The May 14 hearing of the House Public Education clarified some things about the new evaluation system proposed by Commissioner of Education Michael Williams.
–The Texas Education Agency under Commissioner Williams is determined to push ahead with a teacher-evaluation scheme that will make the state’s obsession with standardized testing even worse, to the detriment of students and teachers.
–Williams is insisting on using inaccurate value-added methodology (VAM) as a significant factor in teacher appraisal, even though this use of students’ scores on standardized tests for high-stakes personnel decisions has been increasingly discredited by rigorous educational research.
–Williams has put the legislature on the spot, by making a deal with the U.S. Department of Education to use a value-added score based on state tests of a teacher’s students as a significant appraisal factor for each individual teacher in core subjects, despite the fact that current state law does not authorize the commissioner to compel school districts to use this VAM approach (and despite the fact that lawmakers have repeatedly rejected bills to authorize this policy). If lawmakers fail to require use of VAM in the 2015 legislative session, conforming to Williams’ deal with the federal government, then Texas could lose exemptions from some federal No Child Left Behind Act mandates, school districts could be rated by the USDE as failing, and they could be forced to spend a portion of their Title I federal funding on tutoring and other supplemental educational services (often services of questionable value, judging by past experience).
–Texas AFT and other education groups will fight to prevent passage of any value-added, test-driven evaluation mandate, urging lawmakers not to give in to the commissioner’s stratagem. We noted in the May 14 hearing that USDE just last week announced that it would not hold states to currently mandated timetables for implementing the new VAM approach in teacher evaluation. That easing of pressure from USDE fits a pattern of retreat by the Secretary of Education when confronted with firm resistance by states to the strings he has attached to No Child Left Behind Act waivers.
–There is certainly ample reason to seize the proffered opportunity to slow down and think twice about the commissioner’s embrace of VAM. The commissioner wants to impose use of test-driven VAM statewide in the 2015-2016 school year, leaving too little time to consider any real lessons from the “pilot” year of the new system in 2014-2015 in selected districts. A real pilot program would involve trials in school districts of several alternative approaches to the measurement of improvements in student performance, not just VAM, would develop several years of data, and would be subject to rigorous scholarly analysis to see what difference each model makes, if any, in the effectiveness of teaching.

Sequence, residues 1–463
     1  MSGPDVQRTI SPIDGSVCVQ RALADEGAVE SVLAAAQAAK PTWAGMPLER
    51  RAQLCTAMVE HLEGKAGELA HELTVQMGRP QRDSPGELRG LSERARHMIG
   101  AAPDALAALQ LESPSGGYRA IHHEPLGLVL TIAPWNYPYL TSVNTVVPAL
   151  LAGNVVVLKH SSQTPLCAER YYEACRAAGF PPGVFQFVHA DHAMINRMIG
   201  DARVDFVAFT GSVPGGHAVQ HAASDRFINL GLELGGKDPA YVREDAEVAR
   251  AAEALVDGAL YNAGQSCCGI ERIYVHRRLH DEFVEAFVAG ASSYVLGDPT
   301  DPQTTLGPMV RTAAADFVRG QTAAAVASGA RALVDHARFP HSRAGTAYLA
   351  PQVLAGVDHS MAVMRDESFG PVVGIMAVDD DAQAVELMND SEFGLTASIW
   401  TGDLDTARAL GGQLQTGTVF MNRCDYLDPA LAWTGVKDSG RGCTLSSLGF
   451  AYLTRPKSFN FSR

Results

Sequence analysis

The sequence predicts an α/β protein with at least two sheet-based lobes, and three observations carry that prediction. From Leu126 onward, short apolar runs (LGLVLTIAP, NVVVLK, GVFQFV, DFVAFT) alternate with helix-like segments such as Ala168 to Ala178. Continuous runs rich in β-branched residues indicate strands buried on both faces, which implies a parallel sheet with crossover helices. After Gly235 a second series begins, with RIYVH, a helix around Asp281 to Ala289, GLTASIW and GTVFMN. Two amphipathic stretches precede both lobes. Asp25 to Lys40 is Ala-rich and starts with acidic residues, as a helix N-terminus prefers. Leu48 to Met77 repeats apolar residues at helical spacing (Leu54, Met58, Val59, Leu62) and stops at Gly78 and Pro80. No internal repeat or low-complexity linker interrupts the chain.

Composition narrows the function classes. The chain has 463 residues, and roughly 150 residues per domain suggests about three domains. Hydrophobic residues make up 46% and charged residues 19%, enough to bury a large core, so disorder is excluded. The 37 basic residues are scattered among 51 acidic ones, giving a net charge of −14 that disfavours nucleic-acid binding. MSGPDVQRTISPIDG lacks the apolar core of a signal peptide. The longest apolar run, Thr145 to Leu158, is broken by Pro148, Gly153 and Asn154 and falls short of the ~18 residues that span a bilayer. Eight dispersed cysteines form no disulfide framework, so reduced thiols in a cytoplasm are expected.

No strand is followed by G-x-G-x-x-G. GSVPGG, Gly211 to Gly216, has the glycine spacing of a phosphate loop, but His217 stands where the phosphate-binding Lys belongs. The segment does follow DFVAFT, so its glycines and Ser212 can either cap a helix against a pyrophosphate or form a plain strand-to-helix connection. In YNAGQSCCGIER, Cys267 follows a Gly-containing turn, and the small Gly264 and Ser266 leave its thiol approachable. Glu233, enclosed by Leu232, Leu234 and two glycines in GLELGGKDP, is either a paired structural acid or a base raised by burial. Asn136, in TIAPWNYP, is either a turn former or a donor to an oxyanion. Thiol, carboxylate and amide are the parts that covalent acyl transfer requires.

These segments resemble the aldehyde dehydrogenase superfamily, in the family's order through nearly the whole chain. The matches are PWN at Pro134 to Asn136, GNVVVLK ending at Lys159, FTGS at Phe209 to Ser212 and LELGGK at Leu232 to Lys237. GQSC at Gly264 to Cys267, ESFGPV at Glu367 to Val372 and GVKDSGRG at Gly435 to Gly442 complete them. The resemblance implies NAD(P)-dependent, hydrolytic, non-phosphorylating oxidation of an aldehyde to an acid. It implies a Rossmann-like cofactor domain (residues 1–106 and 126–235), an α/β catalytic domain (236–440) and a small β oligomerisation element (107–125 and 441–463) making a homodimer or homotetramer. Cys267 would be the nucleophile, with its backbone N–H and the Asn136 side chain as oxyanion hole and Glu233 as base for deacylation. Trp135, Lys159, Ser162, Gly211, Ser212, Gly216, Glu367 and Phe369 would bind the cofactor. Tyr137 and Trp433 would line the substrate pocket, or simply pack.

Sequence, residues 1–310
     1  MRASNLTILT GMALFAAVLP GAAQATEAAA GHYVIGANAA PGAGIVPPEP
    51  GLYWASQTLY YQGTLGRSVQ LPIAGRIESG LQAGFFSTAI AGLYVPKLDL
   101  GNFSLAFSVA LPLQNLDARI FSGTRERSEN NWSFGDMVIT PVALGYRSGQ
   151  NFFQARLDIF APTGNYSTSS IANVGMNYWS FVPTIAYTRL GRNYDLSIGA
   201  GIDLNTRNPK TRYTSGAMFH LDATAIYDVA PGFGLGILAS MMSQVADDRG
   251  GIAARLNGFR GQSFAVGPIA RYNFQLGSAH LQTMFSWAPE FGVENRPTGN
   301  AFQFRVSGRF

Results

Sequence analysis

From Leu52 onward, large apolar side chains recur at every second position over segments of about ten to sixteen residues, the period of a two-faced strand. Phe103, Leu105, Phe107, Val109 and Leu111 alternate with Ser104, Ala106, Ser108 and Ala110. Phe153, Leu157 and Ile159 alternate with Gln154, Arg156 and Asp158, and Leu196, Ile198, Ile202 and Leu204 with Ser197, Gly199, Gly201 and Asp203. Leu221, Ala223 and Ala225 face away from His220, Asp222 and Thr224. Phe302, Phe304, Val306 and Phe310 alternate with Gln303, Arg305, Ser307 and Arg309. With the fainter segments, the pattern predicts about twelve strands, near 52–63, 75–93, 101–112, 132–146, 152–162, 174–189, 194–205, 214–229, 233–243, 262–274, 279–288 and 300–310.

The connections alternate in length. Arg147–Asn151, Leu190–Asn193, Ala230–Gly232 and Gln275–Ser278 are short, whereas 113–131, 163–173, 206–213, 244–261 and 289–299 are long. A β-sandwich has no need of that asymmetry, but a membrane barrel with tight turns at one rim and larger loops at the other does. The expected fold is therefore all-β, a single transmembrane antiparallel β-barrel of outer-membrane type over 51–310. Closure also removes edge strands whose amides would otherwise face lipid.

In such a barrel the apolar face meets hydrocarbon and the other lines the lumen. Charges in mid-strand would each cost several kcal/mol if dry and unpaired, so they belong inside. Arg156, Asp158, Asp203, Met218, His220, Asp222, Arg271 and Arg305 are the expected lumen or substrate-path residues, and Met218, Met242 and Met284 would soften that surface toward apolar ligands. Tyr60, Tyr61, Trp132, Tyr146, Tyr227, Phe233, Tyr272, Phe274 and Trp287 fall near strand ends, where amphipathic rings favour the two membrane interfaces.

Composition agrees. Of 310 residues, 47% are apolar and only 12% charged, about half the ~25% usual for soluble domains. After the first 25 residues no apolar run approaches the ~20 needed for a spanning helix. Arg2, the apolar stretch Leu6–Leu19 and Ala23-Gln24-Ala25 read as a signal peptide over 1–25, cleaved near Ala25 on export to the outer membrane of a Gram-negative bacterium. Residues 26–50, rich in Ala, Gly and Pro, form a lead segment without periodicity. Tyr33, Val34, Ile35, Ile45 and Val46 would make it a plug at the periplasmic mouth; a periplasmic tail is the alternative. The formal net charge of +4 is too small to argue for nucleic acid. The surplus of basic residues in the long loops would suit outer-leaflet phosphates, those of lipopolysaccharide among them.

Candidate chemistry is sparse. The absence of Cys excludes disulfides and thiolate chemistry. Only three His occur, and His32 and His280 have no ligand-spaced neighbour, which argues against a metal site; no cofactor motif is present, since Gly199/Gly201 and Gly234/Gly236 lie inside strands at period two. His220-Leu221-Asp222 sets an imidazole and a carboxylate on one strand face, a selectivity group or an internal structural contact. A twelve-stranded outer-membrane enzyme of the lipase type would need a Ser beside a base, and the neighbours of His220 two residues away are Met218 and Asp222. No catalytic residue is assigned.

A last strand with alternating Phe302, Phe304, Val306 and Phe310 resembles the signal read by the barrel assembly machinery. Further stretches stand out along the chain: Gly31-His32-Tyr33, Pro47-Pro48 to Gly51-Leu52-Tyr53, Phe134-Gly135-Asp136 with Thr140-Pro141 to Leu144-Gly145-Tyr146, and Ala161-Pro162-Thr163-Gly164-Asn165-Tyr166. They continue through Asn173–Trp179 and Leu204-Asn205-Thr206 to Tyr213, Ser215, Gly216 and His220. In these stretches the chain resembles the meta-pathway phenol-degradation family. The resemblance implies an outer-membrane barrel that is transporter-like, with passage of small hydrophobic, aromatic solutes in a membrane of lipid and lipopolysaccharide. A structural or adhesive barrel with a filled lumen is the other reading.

–One reason the commissioner is in such a hurry could be that his own continued tenure at the helm of TEA could be short. As an appointee of lame-duck Gov. Rick Perry, who leaves office in January 2015, Williams is likely to remain in office himself only until Perry’s successor names a replacement. There is no excuse for the legislature to allow the commissioner’s personal timetable to dictate the adoption of bad policy.
–Another reason for the rush job by devotees of test-driven VAM may be that the evidence against their pet idea keeps piling up. Just before the May 14 Texas House hearing, in fact, yet another rigorous scholarly study found that VAM, basing teacher evaluation on test scores, had “a weak to nonexistent link with teacher performance.” Texas AFT’s May 14 testimony cited some of that growing body of scholarship debunking VAM. An upcoming Hotline will provide an updated listing of the key studies and their findings, which militate strongly against use of VAM for any high-stakes decisions.
–One last gleaning from the May 14 hearing is that it is not enough just to debunk the false claims made for the use of VAM in teacher appraisal. Texas parents and teachers will need to show lawmakers that there are better ways to factor student performance into teacher appraisal.
The good news is that promising alternatives do exist. Upcoming Hotlines will explore them and help you educate the Texas legislature about its real options for improving teacher evaluation.